Jenn asked how the Big Goal was going after I made a reference to adding more money to our Big Goal fund. So here's a quick update. I'm doing it fast, so I think it's accurate, but possibly missing something.
I found in our second checking account we have stashed away $1057 since the beginning of the year. There was big $515 travel reimbursement that helped make a difference in that account.
In our main checking account I show that our current Big Goal funds equal $2927.32. Now this amount would be larger if I hadn't moved $877 in June out of there to cover some medical expenses. I should make a point by the end of the year to add this back in.
I'm not sure if I've been consistent at adding interest we have earned on our CDs and money market accounts to the Big Goal, but I will report the amount of interest earned through June.
First National Bank of Omaha $125.33
Navy Federal Credit Union $454.83
And because I just looked at Navy Federal, I remembered that we have $131 from my husband's paycheck deposit there each month towards the goal. $131 x 6= $786
Total year to date towards the Big Goal is $5,350.48!
I'm actually surprised! I really only notice the total in the YNAB account and forget about the rest most of the time. Last year I reported our full contributions to this goal to be $6,836.39. So if we can keep up the good work we are already accomplishing, we should exceed last years savings.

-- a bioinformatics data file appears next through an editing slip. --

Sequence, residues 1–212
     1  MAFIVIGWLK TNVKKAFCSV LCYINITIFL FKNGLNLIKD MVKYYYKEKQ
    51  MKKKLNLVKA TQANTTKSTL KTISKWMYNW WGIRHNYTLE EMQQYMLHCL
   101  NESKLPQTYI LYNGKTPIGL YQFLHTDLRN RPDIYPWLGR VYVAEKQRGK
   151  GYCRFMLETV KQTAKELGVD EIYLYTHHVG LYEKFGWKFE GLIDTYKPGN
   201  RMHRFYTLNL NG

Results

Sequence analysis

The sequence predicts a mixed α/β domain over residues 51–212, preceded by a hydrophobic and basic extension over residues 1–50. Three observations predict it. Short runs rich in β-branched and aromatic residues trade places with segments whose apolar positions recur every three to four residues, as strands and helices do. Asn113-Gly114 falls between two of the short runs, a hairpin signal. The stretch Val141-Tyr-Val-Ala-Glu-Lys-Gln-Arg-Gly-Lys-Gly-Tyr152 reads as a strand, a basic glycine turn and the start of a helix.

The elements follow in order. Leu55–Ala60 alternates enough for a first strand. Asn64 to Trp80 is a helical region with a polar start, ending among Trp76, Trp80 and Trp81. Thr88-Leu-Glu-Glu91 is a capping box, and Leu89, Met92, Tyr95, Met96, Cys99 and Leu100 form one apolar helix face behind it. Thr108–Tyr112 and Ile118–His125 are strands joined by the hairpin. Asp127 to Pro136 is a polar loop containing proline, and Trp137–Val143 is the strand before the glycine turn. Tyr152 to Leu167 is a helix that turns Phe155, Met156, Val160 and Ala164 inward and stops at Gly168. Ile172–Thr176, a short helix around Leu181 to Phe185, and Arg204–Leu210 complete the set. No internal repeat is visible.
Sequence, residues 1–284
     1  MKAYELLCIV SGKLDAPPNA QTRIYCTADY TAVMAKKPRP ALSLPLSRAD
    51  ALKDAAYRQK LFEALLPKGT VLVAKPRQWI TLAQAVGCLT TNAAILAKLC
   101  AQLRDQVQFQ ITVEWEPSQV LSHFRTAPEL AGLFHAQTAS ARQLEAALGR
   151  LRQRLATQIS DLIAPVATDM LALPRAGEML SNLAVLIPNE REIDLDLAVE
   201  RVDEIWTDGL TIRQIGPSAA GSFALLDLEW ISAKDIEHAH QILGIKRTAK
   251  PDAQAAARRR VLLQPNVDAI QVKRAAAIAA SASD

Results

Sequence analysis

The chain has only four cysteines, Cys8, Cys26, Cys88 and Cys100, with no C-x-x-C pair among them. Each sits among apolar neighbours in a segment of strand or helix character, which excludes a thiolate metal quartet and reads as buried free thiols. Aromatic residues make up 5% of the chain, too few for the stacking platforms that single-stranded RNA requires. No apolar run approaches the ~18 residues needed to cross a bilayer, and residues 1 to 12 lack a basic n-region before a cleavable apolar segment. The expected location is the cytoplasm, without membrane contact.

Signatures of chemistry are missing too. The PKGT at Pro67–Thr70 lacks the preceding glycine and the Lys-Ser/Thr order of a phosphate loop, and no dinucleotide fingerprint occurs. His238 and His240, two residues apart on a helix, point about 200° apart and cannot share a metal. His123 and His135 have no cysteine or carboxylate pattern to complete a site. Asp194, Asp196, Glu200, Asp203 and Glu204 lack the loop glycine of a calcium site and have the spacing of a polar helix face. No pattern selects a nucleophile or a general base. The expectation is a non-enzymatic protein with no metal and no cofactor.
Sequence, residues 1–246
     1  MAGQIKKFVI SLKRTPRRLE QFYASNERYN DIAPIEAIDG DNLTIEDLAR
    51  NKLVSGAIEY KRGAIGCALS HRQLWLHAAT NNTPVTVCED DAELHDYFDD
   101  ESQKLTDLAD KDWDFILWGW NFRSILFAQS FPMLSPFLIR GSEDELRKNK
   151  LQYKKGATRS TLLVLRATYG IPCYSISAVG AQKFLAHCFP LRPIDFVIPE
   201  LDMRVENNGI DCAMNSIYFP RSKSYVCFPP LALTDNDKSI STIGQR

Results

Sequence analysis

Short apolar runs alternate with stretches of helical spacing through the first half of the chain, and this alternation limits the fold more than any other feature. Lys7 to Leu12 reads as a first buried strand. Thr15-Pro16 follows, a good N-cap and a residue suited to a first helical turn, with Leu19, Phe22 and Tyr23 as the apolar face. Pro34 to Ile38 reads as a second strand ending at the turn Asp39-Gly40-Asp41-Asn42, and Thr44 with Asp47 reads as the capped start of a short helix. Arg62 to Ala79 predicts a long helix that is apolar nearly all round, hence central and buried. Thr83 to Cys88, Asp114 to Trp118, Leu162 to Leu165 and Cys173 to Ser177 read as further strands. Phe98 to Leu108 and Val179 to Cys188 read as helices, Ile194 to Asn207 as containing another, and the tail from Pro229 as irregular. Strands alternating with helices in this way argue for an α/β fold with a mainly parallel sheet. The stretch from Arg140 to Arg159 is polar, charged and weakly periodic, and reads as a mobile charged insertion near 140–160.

The ultimate goal is $200,000. We started with $40K at the end of 2016. $46,836.39 end of 2017. And now mid year 2018 we are at $52,186.87. So I guess we are are at 26% of goal.
I'd love to add a ticker for this goal. But this site no longer supports them well. Eventually I can look into another way to graphically represent the progress.
We've been super busy this summer, so other than paying bills and credit card charges (before interest accrues), I haven't had much time to tweak the goals. Something to look forward to when things calm down.
Edited to add: The monthly average we are saving is $891.66. That just floors me!
I'm not sure what compelled me to check my PayPal account, but I'm glad I did. I found $100.27!
My sister sent me $98 to cover groceries during our trip last month. That money has been there since June 20th! The remaining $2.27 was from a very small eBay sale on the first day of June.
For now, I will put this towards the Big Goal. It may need to cover some travel expenses next month, but for now, I'll stash it aside and try to make those things work with money we will get next month.